Matt Storer mines his thin, wan looks and the isolation of being home-schooled for material. The set’s patchy, but there are some good ideas here, from romantic nicknames to an effective piece of audience participation based around If You’re Happy And You Know It... But with other sections a little more muddled or underpowered, his inconsistency belies his inexperience. However he certainly has a decent base to work on.

With his heft, mullet, baseball cap and unkempt beard, you might have Marc Ryan pegged as a bogan and a trucker before he opened his mouth. It’s the sort of prejudicial profiling he takes issue with – though in his case you’d be absolutely right. Proud of his working-class credentials, he avoids the lairiness and too many of the clichés of blue-collar stand-up to present an honest version of himself. In truth, the set’s not always tight enough – it’s a little too conversational without the sharpening influence of good writing – but he’s entertaining company with a decent dollop of wit.

Simon Etheridge’s quiet monotone is too exacting a style for much of his material. Such unenergetic delivery requires every line to be a rich delight, but his mutterings about being a lazy video game fan simply do not have the necessary weight. He might have got away with it in a more natural style, as the routine is not without wit – just pace. Much better were his musings on the messages contained in kids’ stories, with the payoff rightfully earning him an applause break.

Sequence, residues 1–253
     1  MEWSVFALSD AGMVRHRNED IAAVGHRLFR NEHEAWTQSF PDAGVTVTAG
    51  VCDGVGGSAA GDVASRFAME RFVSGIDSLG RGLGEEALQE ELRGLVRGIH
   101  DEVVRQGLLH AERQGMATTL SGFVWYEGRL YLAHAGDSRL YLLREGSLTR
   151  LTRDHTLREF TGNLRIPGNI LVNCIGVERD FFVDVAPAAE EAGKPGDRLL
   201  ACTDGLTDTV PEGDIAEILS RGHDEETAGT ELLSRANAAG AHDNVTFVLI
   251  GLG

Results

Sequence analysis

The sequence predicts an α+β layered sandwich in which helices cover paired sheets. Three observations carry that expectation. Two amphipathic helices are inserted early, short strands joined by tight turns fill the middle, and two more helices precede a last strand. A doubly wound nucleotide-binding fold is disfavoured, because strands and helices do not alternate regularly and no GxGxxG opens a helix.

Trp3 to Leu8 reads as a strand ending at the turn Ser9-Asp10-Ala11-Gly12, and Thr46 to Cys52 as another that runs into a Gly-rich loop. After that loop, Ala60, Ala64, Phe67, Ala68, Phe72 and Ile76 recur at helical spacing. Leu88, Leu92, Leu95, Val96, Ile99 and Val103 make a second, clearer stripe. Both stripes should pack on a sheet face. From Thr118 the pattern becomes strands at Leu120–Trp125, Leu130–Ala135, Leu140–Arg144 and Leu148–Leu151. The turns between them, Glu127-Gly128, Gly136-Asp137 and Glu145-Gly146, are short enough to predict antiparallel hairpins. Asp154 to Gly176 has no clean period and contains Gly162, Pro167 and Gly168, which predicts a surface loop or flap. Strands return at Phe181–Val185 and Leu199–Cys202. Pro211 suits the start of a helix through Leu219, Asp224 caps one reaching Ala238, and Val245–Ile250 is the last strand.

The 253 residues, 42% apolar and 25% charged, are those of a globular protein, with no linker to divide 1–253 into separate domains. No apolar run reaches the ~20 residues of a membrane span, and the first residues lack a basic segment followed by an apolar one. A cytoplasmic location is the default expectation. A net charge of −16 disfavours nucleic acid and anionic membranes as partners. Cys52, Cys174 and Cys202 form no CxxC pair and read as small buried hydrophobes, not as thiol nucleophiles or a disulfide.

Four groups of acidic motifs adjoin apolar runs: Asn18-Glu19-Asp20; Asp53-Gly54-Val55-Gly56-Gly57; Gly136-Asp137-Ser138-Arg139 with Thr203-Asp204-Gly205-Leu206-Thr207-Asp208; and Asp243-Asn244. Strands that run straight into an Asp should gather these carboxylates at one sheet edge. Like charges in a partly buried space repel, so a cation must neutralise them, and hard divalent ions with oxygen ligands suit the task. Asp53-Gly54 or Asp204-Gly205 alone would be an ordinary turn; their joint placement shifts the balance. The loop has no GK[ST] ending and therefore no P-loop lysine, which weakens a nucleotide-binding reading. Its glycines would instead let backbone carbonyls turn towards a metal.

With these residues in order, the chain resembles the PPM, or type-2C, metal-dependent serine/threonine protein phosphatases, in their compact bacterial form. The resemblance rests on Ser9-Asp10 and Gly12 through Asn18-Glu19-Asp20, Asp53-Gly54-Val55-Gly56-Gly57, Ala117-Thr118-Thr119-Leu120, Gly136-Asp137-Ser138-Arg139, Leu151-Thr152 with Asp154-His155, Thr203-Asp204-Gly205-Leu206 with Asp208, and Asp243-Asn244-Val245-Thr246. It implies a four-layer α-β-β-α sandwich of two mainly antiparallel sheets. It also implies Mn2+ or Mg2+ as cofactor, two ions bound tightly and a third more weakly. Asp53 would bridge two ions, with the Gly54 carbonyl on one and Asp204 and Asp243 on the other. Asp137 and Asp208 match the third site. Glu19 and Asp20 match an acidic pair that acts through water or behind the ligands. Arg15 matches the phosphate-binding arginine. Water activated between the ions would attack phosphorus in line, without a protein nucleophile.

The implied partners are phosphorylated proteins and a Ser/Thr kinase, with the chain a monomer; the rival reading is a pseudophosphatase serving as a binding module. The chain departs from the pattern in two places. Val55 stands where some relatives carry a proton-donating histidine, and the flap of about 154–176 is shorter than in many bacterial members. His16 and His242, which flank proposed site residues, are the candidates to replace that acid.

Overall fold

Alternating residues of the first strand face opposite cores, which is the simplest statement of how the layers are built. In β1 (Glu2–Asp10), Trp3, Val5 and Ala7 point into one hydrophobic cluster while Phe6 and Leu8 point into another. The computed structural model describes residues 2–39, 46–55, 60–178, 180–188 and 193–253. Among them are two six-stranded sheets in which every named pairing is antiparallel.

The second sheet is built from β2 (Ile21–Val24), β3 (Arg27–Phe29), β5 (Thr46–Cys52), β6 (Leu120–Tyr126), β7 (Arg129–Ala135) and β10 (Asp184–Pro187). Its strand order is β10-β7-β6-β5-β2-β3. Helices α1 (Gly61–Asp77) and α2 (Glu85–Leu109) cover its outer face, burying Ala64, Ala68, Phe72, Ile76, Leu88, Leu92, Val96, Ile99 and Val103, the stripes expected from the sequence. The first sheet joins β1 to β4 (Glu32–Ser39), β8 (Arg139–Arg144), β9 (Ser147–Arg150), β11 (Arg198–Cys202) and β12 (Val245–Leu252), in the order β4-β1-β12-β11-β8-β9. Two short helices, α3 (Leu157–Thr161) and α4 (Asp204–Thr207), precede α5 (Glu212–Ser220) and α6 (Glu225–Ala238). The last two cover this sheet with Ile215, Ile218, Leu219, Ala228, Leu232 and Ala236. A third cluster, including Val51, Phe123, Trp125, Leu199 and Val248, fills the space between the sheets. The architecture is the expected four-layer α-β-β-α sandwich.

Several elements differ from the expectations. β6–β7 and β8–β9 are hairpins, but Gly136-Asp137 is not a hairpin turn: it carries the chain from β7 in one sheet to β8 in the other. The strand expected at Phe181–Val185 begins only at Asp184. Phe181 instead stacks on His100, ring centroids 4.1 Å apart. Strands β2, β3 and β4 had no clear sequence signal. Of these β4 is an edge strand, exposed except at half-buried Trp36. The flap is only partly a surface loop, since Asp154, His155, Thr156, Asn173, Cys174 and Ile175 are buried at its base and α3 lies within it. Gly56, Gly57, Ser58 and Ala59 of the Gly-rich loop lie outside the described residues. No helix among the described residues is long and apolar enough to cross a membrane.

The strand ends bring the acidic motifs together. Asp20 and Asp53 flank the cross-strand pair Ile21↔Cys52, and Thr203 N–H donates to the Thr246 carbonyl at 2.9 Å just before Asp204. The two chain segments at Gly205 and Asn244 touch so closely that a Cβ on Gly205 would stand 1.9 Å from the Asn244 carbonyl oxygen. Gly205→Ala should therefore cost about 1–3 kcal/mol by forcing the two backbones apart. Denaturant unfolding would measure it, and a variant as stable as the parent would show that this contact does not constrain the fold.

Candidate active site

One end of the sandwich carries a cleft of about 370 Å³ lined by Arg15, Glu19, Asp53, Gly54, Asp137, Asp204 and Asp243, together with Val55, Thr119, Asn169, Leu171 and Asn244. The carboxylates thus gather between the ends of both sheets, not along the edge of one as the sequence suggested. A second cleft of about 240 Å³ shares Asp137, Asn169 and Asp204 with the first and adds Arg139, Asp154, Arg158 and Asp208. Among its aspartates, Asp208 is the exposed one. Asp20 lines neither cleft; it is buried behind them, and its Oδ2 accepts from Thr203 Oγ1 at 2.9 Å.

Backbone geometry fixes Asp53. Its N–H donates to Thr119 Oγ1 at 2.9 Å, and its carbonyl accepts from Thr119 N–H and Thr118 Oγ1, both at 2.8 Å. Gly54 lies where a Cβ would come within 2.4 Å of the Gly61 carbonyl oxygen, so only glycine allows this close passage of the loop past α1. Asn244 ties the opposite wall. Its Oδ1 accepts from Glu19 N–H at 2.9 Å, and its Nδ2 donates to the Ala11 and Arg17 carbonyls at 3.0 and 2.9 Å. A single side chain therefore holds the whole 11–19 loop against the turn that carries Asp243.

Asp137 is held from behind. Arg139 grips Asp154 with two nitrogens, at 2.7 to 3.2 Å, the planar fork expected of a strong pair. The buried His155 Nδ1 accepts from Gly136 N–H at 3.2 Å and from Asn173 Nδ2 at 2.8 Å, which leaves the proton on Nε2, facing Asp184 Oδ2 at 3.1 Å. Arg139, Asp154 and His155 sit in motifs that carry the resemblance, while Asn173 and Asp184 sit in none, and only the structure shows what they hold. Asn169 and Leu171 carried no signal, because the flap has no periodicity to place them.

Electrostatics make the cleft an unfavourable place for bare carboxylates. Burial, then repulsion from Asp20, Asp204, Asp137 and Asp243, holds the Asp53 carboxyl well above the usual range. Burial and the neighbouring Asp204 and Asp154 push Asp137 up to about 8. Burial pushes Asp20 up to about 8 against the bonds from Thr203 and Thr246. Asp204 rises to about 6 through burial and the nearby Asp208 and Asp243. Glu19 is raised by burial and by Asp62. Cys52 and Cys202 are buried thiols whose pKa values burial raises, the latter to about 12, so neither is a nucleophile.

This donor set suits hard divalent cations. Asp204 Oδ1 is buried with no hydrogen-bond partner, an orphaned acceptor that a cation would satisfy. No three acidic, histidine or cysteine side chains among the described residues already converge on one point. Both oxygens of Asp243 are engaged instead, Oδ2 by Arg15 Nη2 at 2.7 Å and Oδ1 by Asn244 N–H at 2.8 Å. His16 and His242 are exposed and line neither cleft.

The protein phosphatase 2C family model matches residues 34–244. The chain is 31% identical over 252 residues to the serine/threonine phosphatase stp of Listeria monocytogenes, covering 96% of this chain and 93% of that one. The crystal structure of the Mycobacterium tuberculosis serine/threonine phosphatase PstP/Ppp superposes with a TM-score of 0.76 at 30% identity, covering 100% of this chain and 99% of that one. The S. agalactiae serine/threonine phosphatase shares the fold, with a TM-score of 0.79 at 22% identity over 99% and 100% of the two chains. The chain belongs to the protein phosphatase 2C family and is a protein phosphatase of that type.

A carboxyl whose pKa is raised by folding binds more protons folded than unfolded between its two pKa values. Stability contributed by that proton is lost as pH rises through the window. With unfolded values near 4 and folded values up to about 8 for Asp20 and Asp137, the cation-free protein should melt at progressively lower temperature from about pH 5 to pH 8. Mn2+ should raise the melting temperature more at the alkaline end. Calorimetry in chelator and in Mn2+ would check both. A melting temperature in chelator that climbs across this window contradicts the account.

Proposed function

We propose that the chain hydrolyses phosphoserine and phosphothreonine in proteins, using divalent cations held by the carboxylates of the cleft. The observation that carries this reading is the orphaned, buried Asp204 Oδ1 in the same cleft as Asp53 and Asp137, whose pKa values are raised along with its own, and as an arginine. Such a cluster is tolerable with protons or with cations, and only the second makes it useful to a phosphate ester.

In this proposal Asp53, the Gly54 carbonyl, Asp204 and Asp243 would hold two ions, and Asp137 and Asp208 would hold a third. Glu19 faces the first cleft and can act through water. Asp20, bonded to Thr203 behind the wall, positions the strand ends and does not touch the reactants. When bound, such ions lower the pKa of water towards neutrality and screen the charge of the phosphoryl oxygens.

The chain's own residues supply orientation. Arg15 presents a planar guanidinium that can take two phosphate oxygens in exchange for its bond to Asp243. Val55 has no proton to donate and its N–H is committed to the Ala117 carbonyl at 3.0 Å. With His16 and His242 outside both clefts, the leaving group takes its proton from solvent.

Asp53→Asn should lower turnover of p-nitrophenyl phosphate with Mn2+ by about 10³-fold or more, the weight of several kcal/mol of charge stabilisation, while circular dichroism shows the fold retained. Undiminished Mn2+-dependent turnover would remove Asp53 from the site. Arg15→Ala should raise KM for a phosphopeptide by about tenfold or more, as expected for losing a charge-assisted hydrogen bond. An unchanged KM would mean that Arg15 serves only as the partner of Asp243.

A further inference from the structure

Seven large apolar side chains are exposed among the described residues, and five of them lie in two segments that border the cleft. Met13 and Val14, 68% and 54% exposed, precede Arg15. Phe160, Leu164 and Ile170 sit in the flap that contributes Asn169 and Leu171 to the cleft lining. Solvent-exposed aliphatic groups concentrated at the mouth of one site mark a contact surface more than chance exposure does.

Finally, Katie Burch, whose tough, uncompromising is hugely appealing. She’s mean to her kids, and to her husband, bringing a amusing cutting edge her outwardly personable demeanour. Domestic anecdotes such as failing to put oil in her car are delivered with wit and attitude, that certainly sets her apart as a comedian to watch. She was a hit with the room, and the judges (of which I was one) and her potential was rightly acknowledged with the runners-up place.

Review date: 14 Apr 2014
Reviewed by: Steve Bennett